Neither development project was ready for operational use by BEIS at the end of the contract. This was because of some unexpected issues, including a response to fuel panic buying in the autumn and then the Ukraine war. Work is ongoing to upskill staff across project teams whilst the new pipelines are run in parallel and tested. We expect to see the full benefits of these new pipelines soon.

Both pipelines were left with comprehensive process documentation to help the teams that will run and maintain them. This is an essential requirement given how often people move jobs and departments in the Civil Service!

Discovery work was completed on BEIS’ subnational energy consumption data processing pipelines, which total 15,000 lines of SAS code. This process mapping has helped the team to start developing new pipelines. The process mapping activity was also a useful way of constructively challenging the way we currently do things.


Our code strategy is to optimise for maintainability. This condition has been met by the two pipelines developed by the ONS and their thorough documentation. This will save lots of maintenance time in the long term.

By making maintenance easier, our pipelines are more likely to be kept up to date. This enables us to make continuous improvements in our statistics. The new streamlined pipelines are also faster to run than the old methods, which will save time for analysts.

Through these projects we have started RAP development for two analyst teams that would otherwise have struggled to find resource for these projects. Having external expertise working with the teams has also provided a useful learning opportunity for BEIS analysts in Python, SQL and Git.

By moving away from dependency on older programmes such as SAS we are aligning with Government’s Technology Code of Practice to use open source methods that increase transparency and flexibility. This means we are getting ready for the near future when it will become increasingly difficult to recruit analysts with experience of SAS and other older programmes.

Working together across departments has helped encourage innovation. BEIS Energy Statistics are developing a custom code framework for building and running Python and SQL RAPs. By having the ONS use these tools we have successfully demonstrated how they can be used more widely, and uncovered areas for further development.

The ONS also found the opportunity to work with BEIS very useful. They welcomed the opportunity to demonstrate that they could successfully apply the methodology of making change across government. In particular, the ONS learned that they could make better digital transformation across government boundaries by being adaptive and dynamic in their approach. The ONS also improved their understanding of the significant challenges that teams across government can face when trying to make digital transformation!

Lessons learned

Lesson 1

We learned that it would have been better to start the contract sooner. This would have allowed more time to complete the projects before the financial year end.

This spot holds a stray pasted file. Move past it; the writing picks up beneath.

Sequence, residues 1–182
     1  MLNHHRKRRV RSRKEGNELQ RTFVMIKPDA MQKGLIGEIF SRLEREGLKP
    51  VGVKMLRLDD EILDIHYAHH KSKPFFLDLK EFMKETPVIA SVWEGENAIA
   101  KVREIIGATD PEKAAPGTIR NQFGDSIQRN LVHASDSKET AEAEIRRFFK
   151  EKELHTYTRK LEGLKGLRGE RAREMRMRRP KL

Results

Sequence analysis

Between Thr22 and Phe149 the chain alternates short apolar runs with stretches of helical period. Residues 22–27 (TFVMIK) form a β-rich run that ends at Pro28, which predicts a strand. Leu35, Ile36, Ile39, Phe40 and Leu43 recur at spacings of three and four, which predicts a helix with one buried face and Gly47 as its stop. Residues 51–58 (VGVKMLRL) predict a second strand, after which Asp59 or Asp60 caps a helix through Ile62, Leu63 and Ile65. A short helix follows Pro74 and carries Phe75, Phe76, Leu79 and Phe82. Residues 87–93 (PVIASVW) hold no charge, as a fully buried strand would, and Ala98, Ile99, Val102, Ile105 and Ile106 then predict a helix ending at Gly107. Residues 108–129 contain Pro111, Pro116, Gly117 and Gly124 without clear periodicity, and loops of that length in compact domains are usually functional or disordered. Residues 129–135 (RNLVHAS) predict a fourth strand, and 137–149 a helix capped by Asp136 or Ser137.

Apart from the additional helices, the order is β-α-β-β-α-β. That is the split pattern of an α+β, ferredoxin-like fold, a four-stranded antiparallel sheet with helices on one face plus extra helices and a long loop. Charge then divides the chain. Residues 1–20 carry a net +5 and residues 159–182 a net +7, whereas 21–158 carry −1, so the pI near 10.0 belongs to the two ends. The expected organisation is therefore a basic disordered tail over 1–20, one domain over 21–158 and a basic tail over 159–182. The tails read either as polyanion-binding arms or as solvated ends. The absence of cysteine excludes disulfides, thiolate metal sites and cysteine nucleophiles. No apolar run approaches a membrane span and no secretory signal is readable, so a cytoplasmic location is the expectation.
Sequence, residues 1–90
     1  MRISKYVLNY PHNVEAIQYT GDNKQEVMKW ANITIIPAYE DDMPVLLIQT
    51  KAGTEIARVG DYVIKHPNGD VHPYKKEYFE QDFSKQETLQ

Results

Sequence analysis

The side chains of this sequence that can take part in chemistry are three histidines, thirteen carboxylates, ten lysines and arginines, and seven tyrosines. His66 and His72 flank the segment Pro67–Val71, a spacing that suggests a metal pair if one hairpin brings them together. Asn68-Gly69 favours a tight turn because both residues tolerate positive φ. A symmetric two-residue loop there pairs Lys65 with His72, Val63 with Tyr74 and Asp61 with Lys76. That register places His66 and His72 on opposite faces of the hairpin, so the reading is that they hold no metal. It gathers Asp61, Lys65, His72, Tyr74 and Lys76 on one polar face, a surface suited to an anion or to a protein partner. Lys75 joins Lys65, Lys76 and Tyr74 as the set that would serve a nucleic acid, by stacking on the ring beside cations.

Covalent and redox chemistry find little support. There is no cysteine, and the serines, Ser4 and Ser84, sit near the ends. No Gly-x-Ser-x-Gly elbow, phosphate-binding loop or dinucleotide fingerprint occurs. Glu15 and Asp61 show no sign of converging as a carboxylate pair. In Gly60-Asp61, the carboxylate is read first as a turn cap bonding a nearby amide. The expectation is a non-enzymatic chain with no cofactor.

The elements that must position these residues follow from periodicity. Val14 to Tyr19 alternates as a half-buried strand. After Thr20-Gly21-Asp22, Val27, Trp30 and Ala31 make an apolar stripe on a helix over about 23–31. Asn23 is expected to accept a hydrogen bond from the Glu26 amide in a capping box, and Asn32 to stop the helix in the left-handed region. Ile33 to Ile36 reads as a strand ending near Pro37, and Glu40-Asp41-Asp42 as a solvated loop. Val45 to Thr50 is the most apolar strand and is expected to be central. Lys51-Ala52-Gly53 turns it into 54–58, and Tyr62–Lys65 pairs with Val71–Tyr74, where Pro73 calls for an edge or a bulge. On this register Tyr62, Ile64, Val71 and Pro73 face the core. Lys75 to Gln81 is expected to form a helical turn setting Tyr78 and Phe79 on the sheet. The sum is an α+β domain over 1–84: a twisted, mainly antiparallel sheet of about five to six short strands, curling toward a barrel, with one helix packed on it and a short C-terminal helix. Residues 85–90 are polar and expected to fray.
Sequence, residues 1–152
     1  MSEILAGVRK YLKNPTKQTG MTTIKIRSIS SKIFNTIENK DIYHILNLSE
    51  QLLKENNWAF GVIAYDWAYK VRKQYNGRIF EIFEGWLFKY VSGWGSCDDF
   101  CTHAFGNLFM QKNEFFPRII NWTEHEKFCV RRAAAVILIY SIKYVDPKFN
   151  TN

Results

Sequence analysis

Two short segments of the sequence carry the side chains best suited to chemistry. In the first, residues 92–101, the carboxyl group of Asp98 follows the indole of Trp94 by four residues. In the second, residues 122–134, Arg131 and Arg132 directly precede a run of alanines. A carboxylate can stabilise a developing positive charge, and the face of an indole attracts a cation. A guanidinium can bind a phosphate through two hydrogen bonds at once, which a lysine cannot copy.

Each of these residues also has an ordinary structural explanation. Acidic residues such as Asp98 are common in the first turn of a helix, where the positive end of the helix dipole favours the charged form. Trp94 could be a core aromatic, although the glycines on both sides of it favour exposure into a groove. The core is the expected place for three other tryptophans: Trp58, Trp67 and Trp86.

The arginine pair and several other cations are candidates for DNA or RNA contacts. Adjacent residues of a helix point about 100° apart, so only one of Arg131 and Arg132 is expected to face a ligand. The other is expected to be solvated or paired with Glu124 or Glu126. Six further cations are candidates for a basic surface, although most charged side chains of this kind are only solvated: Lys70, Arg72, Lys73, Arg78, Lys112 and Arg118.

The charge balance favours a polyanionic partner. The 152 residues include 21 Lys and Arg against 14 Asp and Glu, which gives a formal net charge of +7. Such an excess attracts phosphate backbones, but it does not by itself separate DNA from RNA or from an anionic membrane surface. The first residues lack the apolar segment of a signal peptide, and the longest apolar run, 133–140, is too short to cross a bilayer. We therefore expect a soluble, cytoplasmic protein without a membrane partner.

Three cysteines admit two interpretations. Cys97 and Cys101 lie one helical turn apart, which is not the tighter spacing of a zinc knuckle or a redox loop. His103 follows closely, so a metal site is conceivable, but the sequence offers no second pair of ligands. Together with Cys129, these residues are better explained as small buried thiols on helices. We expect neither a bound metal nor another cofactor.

Lesson 2

Unsurprisingly, we should have aimed to complete far fewer projects. This would have saved some time running discovery on projects that were later dropped.

Lesson 3

We in BEIS learned the value of taking time to do discovery properly, and the value of using the professional skills of business analysts to achieve this. It is so tempting to go straight into writing code without clearly stating the goals, the user needs, and the constraints. Good discovery also provides the platform to restructure data pipelines. If pipelines have developed in fragments over many generations of analysts then they are likely to need streamlining.

Lesson 4

We should have performed discovery using a tool that was accessible to both ONS and BEIS. This would have meant that both parties could make changes, which would have sped up our progress.

Lesson 5

We should have used Slack to enable instant messaging after discovering that ONS and BEIS were unable to message each other over Microsoft Teams. It was great to be able to get ONS onto CBAS to work together on writing code, but we suffered from a lack of flexible and informal dialogue.

Lesson 6

Finally, in an ideal world, we would have invested time incrementally updating these pipelines in previous years. This would have helped us avoid the need for such substantial changes!

Contact us

If you would like more information about the projects in this blog article, please contact:

Joseph Elliston
Natasha Bance
Joseph Elliston works for Business Energy and Industrial Strategy (BEIS) as the Head of Data Strategy and Transformation in the Energy Statistics division. He is a member of the Government Operational Research Service (GORS), having previously worked in the Department for Business, Innovation and Skills (BIS), the Department for Education (DfE), and the Institute for Apprenticeships. His Civil Service claim to fame is founding what has now become the government-wide Coffee and Coding network.